- Read His Word with the commitment of living out (obeying) what you read. Systematically ingest His holy Word with the commitment to live it.
- Then pray for at least 15 minutes**. I suggest having bullet items written out.
Almost everyone I talk to seldom misses a meal. How much more committed should we be to our Lord?
** (It is possible that during some seasons or due to circumstances, that amount of time isn’t possible. If you want an objective perspective, let’s talk.)
“And all the people came early in the morning to Him in the temple, for to hear Him” (Luke 21:38).
(To be continued)
You walk into church and give a warm smile and a handshake or hug to the brothers. Some of you are greeted as “Pastor.” Whatever your role, it’s another Sunday and time to assemble together to worship our righteous and most holy God. But if only we had “idiot lights” like a car dashboard on our foreheads warning if the heart is dirty. Then someone could come alongside and offer a word of exhortation, challenge, or even rebuke. God, however, doesn’t need those indicator lights since He sees our hearts. What’s He seeing on yours and mine?
“Then came certain of the elders of Israel unto me, and sat before me. And the word of the LORD came unto me, saying, Son of man, these men have set up their idols in their heart, and put the stumblingblock of their iniquity before their face: should I be enquired of at all by them” (Ezekiel 14:1-3)?
Man can set up his own private temple of idol worship in his heart which is hidden from others but not God. These might include but are not limited to: mental adultery, covetousness, wickedness, love of self and entertainment/pleasure of every sort. Jesus Christ is to have first place over everything.
“And he is the head of the body, the church: who is the beginning, the firstborn from the dead; that in all things he might have the preeminence” (Colossians 1:18).
We all have had a conversation with a boy who proclaimed he was going to do great and mighty things. Listening, you smiled, affirmed, and encouraged him as he spoke, but inwardly you wondered, “Will he actually do it?”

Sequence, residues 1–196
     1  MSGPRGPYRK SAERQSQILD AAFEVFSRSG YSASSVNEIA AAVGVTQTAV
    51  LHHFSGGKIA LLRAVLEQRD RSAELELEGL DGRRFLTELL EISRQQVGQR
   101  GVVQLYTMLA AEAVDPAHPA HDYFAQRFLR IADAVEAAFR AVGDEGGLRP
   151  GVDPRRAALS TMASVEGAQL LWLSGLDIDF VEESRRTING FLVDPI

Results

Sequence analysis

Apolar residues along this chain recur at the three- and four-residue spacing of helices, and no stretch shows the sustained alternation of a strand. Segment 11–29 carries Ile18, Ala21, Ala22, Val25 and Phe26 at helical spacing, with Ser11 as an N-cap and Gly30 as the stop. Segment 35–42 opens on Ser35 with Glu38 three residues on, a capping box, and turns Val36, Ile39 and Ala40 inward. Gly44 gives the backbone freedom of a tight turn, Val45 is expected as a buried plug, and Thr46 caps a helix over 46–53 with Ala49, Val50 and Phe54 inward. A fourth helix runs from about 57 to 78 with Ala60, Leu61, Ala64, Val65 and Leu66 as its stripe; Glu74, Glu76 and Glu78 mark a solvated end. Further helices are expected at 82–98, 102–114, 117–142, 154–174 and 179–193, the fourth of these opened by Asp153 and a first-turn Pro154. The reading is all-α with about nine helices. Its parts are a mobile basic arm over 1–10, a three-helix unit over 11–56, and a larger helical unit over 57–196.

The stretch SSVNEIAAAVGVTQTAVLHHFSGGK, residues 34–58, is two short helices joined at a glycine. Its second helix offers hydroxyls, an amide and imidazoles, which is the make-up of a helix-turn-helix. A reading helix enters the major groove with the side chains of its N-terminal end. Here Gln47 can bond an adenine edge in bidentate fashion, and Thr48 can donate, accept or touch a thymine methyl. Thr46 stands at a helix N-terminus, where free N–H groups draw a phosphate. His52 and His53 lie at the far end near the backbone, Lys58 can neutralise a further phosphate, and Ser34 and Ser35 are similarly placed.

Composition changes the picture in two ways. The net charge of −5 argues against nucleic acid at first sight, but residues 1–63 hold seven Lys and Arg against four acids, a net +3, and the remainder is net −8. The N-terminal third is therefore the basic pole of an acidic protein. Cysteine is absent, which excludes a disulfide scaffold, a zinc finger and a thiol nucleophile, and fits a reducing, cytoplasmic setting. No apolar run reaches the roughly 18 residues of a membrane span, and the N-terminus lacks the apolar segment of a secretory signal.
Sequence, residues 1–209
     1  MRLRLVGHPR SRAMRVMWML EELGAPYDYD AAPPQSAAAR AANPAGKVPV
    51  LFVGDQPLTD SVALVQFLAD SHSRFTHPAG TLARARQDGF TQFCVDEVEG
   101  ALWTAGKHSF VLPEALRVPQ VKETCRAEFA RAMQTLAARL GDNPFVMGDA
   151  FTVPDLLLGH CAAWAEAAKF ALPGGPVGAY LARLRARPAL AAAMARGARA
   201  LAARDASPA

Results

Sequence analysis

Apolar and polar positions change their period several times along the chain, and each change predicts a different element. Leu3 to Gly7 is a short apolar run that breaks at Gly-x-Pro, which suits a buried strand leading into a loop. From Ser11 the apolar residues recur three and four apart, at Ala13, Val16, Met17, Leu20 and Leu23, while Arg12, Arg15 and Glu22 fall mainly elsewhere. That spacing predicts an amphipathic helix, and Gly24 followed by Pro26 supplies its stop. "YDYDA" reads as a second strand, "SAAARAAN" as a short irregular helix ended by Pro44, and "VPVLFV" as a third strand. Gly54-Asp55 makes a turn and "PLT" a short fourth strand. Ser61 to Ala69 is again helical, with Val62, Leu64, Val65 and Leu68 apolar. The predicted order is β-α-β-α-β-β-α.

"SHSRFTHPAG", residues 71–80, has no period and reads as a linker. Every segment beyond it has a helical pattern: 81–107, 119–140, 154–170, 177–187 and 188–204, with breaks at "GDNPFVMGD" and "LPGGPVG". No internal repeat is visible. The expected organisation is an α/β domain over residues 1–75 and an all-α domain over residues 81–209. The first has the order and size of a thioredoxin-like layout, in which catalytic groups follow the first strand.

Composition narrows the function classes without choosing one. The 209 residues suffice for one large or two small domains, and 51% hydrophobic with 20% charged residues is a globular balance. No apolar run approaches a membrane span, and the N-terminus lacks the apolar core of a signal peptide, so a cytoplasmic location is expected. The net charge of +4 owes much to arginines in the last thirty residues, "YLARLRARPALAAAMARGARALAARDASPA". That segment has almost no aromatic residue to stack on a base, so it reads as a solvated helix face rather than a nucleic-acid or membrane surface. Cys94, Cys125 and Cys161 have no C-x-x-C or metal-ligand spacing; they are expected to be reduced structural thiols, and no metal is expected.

Have you noticed that doesn’t just apply to boys? A few months back, I was visiting with my son, Nathan, and his wife, Melanie, on the driveway when they were dropping something off. At one point in the conversation, I commented that I still wanted to lose ten more pounds, and I was going to do it. They responded with appropriate smiles and encouragement. Well, three months later, not only have I not lost those pounds, I have packed on a few more.
Aren’t we glad Noah, Moses, and Paul were men of God who put action to their words? What if Jesus, when in the garden, had called down legions of angels to avoid going to the cross? We all would be headed for eternity in hell. “Or do you think that I cannot appeal to My Father, and He will at once put at My disposal more than twelve legions of angels?” (Matthew 26:53).
What have you said you would do and haven’t? First in priority is our relationship with Christ (Col. 1:18) — in the Word every morning and praying (1 Peter 2:2). Make sure you are involved in a Bible-believing/preaching church each week (Hebrews 10:25). What about investing in your marriage (Eph. 5:25) and relationships with your children (Deut. 6:7)? (Don’t believe the quality versus quantity lie!) May we be men of our word.